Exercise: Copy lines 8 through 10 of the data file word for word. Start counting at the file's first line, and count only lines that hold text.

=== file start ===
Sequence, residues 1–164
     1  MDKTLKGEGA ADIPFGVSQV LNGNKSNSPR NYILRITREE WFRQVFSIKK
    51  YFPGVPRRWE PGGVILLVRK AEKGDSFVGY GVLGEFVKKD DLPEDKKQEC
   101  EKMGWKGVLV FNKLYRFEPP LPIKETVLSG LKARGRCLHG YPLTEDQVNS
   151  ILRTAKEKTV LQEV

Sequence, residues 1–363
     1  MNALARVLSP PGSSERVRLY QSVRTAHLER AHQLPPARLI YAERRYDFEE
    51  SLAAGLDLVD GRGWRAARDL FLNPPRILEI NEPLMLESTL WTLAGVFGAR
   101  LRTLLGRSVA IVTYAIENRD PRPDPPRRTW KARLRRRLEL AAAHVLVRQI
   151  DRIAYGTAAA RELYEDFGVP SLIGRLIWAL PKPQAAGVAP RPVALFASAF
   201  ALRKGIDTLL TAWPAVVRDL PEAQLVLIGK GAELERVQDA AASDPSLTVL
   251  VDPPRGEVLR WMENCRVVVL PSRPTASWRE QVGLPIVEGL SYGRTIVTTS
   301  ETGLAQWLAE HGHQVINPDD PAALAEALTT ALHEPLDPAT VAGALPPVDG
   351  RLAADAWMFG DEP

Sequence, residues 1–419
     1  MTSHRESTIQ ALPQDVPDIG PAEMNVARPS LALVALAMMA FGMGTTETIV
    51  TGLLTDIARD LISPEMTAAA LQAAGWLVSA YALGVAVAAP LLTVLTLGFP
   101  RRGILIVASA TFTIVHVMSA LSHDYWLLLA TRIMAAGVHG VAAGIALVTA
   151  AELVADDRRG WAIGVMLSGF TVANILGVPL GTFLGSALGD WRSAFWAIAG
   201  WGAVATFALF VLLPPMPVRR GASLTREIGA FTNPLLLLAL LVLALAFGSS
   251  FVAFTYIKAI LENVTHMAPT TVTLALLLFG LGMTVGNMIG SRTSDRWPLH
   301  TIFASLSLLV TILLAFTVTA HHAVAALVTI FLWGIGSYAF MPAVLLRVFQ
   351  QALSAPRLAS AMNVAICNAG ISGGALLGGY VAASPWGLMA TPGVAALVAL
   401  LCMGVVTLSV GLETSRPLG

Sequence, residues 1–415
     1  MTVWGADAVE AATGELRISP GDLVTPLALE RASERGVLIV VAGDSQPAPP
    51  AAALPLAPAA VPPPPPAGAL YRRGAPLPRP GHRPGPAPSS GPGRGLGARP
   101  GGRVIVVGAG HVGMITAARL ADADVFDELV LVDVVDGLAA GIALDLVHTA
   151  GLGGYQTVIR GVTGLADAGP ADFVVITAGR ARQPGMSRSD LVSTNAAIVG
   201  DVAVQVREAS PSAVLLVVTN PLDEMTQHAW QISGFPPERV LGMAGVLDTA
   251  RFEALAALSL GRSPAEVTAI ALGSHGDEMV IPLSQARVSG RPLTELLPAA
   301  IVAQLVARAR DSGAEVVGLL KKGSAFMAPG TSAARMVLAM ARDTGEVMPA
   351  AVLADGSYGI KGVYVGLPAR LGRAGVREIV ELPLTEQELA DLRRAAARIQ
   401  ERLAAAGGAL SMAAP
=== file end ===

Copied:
    51  SLAAGLDLVD GRGWRAARDL FLNPPRILEI NEPLMLESTL WTLAGVFGAR
   101  LRTLLGRSVA IVTYAIENRD PRPDPPRRTW KARLRRRLEL AAAHVLVRQI
   151  DRIAYGTAAA RELYEDFGVP SLIGRLIWAL PKPQAAGVAP RPVALFASAF